David Lynch Slams Vladimir Putin for Ukraine Attack: ‘What You Sow, You Shall Reap’

"Right now, Mr. Putin, you are sowing death and destruction, and it's all on you," the director said in his YouTube weather report.
David Lynch arrives at the Governors Awards on Sunday, Oct. 27, 2019, at the Dolby Ballroom in Los Angeles. (Photo by Jordan Strauss/Invision/AP)
David Lynch
Jordan Strauss/Invision/AP

David Lynch has officially weighed in on the Russian invasion of Ukraine.

Following Russia’s February 23 attack, Lynch used his daily “Weather Report” series on YouTube to share harsh words for Russian president Vladimir Putin. Watch Lynch’s full video below.

“If I could say something to Mr. President Putin, we are, as human beings, charged as to how we treat our fellow man. And there is a law of nature, a hard and fast law. There’s no loopholes, there’s no escaping it,” Lynch said. “And this law is: What you sow, you shall reap. And right now, Mr. Putin, you are sowing death and destruction, and it’s all on you.”

Lynch continued, “The Ukrainians didn’t attack your country. You went in and attacked their country. And all this death and destruction is going to come back and visit you.”

Now, the “Twin Peaks” creator likened Putin’s military actions to a karmic play, saying, “In this big picture, in this show we’re involved in, there’s an infinite amount of time, so there’s plenty of time — life after life after life — for you to reap what you are sowing. My advice to you is, ‘Save yourself.’ Save the Ukrainians, save this world. Start getting along with your neighbors. Start building friendships. We are a world family. There is no room for this kind of absurdity anymore. Get with it. Stop this attack. Let’s work together so that all the countries of this world can come up in peace, get along with one another, and solve the problems that we’ve got together. Let’s get real.”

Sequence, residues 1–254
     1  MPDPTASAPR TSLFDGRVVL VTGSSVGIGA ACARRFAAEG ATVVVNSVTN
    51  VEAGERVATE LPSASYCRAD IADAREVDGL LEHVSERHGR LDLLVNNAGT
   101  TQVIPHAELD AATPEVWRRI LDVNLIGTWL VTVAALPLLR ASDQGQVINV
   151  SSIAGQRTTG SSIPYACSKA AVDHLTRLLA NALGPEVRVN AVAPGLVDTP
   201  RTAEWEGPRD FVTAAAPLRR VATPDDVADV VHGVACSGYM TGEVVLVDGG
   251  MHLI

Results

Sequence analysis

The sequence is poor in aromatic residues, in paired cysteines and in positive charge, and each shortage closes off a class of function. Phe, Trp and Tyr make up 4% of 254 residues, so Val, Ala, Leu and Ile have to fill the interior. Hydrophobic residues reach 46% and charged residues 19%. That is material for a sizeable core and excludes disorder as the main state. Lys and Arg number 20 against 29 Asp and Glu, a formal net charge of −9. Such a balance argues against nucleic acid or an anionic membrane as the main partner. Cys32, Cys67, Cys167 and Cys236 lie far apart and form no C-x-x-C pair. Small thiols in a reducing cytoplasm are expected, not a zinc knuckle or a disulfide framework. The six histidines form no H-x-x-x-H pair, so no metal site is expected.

Lynch is not the only member of the filmmaking community to speak out against Russia’s rampage on Ukraine. In a recent open letter, Ukrainian filmmakers urged for peace, with signatories including Oleh Sentso (“Rhino”), Valentyn Vasyanovych (“Reflection” and “Atlantis”), Maryna Er Gorbach (“Klondike”), Natalia Vorozhbyt (“Bad Roads”), Iryna Tsilyk (“The Earth Is Blue as an Orange”), Nariman Aliev (“Homeward”), and Anna Machukh, executive director of the Ukrainian Film Academy and OIFF.

“Russia launched a full-scale war against Ukraine. Now, more than ever, we need the help of the international community and anyone who understands that tomorrow war may be at your door,” the letter reads. “We’ve talked about the war in eastern Ukraine in our films for 8 years. You watched them at the festivals. But this is not a film, but our reality. And today this reality has spread throughout our country without exception.”

The statement continues, “Ukrainian cinematographers appeal to you not to be silent, not to stand aside and [take] certain actions that can help Ukraine regain peace…The most important thing you can do now for Ukraine is to read and disseminate verified information about what is happening.”

The internationally-circulated letter included a list of outlets for “operative, truthful information,” citing that “truth is the first casualty of any war.” The group also urged for politicians to impose economic sanctions against Russia.

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